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Meenhard Herlyn, D.V.M., D.Sc.

Melanoma Cells Rewire Their Signaling Pathways to Resist Drug Treatment

PHILADELPHIA — (Sept. 27, 2017) — Almost all patients with metastatic melanoma treated with combination therapies eventually relapse. New research led by The Wistar Institute and the University of Pennsylvania characterized the compensatory alterations that occur in melanoma signaling pathways allowing melanoma cells to escape therapy. The study was published in the journal Nature.

“Our findings provide a possible flanking strategy to counteract the ability of melanoma cells to re-wire their signaling networks,” said co-corresponding author Meenhard Herlyn, D.V.M., D.Sc., Caspar Wistar Professor in Melanoma Research and director of The Wistar Institute Melanoma Research Center. Herlyn collaborated in this research with Wei Guo, Ph.D., professor of Biology at the School of Arts & Sciences of the University of Pennsylvania, and Xiaowei Xu, M.D., Ph.D., professor of Pathology and Laboratory Medicine and Dermatology at the Perelman School of Medicine of the University of Pennsylvania.

Around half of all melanomas are attributable to a mutation in a gene called BRAF. The mutation causes the BRAF protein to become overactive, leading to increased cellular growth—a hallmark of cancer. Drugs have been developed to inhibit BRAF but these therapies have been limited by the occurrence of resistance. To bolster the effects of the BRAF inhibitors, a new class of drugs was developed to block MEK, an enzyme that acts downstream of BRAF.

Pairing BRAF inhibition with MEK inhibition has given patients with advanced melanoma one of their best treatment options yet, but unfortunately the therapeutic effect is only temporary and almost all patients on the regimen eventually relapse. While the combination therapies block off the principal pathway that melanoma cells use to fuel their growth, the cells come to bypass this blockade and, like vehicles on a detour route, make use of additional pathways to continue growing and spreading.

To uncover how this resistance occurs, Guo, Xu, Herlyn and colleagues examined both cell lines and tumor biopsies from melanoma patients before and after either BRAF inhibitor therapy or BRAF/MEK inhibitor combination therapy. As other groups had previously shown, they found that treatment with BRAF inhibitors alone seemed to reactivate ERK, a protein that is downstream of BRAF in the pathway.

However, in cell lines and patient samples that developed resistance to the combination therapy, the researchers observed something different happening. ERK was not reactivated. Instead, they found that a parallel pathway, governed by the enzyme PAK, was energized.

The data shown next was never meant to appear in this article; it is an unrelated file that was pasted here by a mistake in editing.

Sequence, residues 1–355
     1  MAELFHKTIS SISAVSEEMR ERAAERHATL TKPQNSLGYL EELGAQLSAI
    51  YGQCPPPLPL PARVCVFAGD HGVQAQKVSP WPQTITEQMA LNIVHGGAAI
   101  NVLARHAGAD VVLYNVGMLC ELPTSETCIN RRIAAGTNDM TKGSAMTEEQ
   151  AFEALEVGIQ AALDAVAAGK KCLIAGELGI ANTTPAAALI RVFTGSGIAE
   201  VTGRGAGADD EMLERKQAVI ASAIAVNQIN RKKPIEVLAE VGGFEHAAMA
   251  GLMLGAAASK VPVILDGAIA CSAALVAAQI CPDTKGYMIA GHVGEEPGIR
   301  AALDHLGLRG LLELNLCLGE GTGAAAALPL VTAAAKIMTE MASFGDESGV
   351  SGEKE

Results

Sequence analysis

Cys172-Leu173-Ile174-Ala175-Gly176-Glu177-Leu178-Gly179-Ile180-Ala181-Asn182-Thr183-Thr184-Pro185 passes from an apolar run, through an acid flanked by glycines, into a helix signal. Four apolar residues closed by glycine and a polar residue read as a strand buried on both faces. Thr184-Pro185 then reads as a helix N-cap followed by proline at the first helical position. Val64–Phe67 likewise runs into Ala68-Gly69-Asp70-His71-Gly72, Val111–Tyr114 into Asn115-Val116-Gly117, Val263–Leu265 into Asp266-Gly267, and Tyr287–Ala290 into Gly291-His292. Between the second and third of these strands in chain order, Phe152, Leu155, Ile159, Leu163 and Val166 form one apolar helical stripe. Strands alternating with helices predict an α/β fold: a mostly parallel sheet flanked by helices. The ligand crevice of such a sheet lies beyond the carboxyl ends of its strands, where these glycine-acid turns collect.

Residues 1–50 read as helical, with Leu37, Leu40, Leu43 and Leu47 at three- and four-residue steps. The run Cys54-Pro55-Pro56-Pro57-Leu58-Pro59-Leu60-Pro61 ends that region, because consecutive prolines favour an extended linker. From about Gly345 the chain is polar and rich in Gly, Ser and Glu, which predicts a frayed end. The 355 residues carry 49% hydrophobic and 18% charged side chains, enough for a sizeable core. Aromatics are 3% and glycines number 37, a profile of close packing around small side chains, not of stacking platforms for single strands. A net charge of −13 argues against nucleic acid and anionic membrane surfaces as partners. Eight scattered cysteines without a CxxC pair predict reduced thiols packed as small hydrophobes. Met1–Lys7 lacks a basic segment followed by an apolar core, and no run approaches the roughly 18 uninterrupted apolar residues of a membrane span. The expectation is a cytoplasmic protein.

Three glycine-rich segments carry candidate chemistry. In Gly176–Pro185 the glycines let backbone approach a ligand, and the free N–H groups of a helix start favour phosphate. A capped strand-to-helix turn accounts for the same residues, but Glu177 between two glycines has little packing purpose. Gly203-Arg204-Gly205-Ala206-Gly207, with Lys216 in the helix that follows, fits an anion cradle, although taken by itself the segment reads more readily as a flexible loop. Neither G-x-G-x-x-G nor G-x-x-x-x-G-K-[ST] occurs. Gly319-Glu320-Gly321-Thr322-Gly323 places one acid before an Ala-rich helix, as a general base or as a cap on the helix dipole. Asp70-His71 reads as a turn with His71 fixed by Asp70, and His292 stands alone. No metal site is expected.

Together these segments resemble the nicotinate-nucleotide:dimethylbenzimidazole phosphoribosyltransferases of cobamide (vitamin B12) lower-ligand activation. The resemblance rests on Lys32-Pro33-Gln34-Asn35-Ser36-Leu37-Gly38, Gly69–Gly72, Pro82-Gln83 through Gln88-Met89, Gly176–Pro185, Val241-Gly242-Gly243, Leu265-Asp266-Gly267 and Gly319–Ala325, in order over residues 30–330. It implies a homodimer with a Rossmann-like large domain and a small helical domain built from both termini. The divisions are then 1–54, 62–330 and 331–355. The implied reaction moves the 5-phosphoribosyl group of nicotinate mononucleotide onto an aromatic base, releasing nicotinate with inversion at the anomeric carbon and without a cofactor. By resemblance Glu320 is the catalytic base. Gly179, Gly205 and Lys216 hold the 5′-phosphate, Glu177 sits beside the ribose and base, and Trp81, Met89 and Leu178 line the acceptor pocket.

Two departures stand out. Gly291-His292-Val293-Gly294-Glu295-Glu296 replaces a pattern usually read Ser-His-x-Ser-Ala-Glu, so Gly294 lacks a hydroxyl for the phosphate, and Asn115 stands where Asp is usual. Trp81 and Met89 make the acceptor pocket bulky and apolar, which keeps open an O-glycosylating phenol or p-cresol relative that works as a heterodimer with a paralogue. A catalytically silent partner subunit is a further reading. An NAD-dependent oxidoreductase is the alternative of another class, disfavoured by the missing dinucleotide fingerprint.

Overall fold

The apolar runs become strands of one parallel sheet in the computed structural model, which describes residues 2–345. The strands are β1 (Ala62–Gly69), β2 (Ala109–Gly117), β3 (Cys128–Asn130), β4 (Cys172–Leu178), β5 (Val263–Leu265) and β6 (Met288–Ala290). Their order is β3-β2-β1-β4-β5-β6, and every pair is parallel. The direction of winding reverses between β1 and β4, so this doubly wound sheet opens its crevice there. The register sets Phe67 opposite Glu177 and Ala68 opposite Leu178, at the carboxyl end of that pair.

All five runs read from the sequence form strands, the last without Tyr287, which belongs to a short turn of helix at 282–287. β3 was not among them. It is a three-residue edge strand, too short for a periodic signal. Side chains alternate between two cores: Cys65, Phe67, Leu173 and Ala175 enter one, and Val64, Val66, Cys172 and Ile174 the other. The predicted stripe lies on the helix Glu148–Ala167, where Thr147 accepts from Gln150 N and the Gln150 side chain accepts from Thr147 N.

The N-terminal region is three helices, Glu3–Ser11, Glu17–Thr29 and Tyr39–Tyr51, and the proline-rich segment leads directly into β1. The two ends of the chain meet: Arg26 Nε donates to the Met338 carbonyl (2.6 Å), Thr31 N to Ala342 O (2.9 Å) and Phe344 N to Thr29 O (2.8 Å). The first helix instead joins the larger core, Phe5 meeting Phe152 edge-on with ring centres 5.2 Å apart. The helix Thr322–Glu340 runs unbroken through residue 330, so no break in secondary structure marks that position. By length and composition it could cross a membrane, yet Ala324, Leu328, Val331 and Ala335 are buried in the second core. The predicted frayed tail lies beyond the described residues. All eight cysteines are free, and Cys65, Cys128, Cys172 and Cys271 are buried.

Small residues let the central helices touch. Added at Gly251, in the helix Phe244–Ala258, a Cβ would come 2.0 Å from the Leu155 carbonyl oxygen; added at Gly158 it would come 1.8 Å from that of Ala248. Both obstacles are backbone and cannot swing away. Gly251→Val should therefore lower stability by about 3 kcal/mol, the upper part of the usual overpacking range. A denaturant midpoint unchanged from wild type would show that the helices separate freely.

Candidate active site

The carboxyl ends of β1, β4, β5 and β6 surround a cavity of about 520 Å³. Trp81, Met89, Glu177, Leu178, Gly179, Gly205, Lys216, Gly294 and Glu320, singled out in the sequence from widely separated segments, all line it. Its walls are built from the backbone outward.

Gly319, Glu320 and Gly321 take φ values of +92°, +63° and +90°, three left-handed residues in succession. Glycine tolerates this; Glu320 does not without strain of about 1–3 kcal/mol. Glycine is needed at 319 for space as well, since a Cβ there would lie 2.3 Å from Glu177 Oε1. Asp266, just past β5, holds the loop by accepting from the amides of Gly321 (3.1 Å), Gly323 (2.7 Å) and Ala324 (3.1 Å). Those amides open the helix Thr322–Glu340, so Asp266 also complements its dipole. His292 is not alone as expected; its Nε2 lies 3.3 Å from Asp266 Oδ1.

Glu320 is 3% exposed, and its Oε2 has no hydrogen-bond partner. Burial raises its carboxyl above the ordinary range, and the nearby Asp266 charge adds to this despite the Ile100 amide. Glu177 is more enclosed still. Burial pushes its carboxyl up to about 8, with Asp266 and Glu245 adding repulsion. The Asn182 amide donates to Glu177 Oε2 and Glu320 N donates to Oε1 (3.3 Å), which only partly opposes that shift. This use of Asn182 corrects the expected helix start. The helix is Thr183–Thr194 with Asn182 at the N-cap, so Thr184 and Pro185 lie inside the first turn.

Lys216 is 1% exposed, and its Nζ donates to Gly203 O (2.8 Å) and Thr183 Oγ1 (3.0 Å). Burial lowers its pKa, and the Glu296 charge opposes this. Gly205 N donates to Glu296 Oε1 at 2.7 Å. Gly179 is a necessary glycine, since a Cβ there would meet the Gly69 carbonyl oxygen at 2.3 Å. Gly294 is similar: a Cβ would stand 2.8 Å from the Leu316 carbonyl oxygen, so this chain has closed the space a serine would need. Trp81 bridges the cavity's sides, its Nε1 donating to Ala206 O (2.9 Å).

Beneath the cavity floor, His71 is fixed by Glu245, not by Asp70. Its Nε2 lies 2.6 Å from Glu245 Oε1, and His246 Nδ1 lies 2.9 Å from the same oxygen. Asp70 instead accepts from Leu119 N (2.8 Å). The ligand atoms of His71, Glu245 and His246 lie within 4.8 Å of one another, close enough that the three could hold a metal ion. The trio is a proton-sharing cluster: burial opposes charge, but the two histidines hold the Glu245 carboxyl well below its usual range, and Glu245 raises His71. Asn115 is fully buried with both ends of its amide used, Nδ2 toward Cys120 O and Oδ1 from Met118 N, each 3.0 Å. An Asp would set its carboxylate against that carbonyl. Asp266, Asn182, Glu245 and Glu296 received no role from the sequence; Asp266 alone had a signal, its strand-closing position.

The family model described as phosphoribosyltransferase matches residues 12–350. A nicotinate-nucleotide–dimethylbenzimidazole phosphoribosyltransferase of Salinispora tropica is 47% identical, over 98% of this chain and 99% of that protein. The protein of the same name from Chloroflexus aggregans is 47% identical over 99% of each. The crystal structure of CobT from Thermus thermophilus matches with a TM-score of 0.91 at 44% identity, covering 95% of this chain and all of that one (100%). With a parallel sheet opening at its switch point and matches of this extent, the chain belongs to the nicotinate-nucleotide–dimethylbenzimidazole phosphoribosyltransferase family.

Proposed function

Treating cells resistant to combination therapy with a PAK inhibitor reduced their ability to grow. When the researchers did the opposite—turning on a PAK protein in a metastatic melanoma cell line, they found the cells became even more resistant BRAF and MEK inhibition. PAK proteins allow melanoma to thrive through their action on a few different pathways, both encouraging cell cycle progression and inhibiting apoptosis, a form of cell death, the researchers found.

“It seems it is only when the ERK pathway is inhibited that PAK becomes ‘awake,’” Guo said. “Then you can apply the PAK inhibitor and see an effect.” This explains why previous attempts at blocking PAK as an anti-melanoma strategy was not effective to stop melanoma progression.

“When cancer gets smart, we have to act even smarter,” Herlyn added.

This work was supported by National Institutes of Health grants GM085146, CA193417, CA174523, CA114046, CA25874, CA114046 and by the Dr. Miriam and Sheldon G. Adelson Medical Research Foundation.

Co-authors of this study from The Wistar Institute include co-first author Gao Zhang, Sergio Randell, Norah Sadek, Lawrence W. Wu, Clemens Krepler, Katrin Sproesser, Min Xiao, and Jianglan Liu. Other co-authors include Bin Wu, Yueyao Zhu, Wenqun Zhong, Wei Zhang, Gang Chen, Jingwen Zeng, Claire D. Song, Xiaoming Liu, Wei Xu, Jephrey Y. Liu, Lynn M. Schuchter, Jeffrey Field, Giorgos C. Karakousis, and Ravi K. Amaravadi from the University of Pennsylvania; Dennie T. Frederick, Benchun Miao, Ryan J. Sullivan, Keith T. Flaherty and Genevieve M. Boland from Massachusetts General Hospital; Yi Hu from Drexel University; Chaoran Cheng and Jie Zhang from New Jersey Institute of Technology; Yiling Lu and Gordon Mills from The University of Texas MD Anderson Cancer Center; Yusheng Cong from Hangzhou Normal University School of Medicine, China; Jonathan Chernoff from Fox Chase Cancer Center; and Jun Guo from Peking University, China.


About The Wistar Institute

The Wistar Institute is an international leader in biomedical research with special expertise in cancer research and vaccine development. Founded in 1892 as the first independent nonprofit biomedical research institute in the United States, Wistar has held the prestigious Cancer Center designation from the National Cancer Institute since 1972. The Institute works actively to ensure that research advances move from the laboratory to the clinic as quickly as possible.


About the University of Pennsylvania

The University of Pennsylvania is an Ivy League institution founded in 1740 by Benjamin Franklin. Its 12 undergraduate, graduate and professional schools are located in Philadelphia on an urban campus with more than 20,000 students from throughout the world. Ranked consistently among the top universities in the nation, Penn has a longstanding reputation for excellence.

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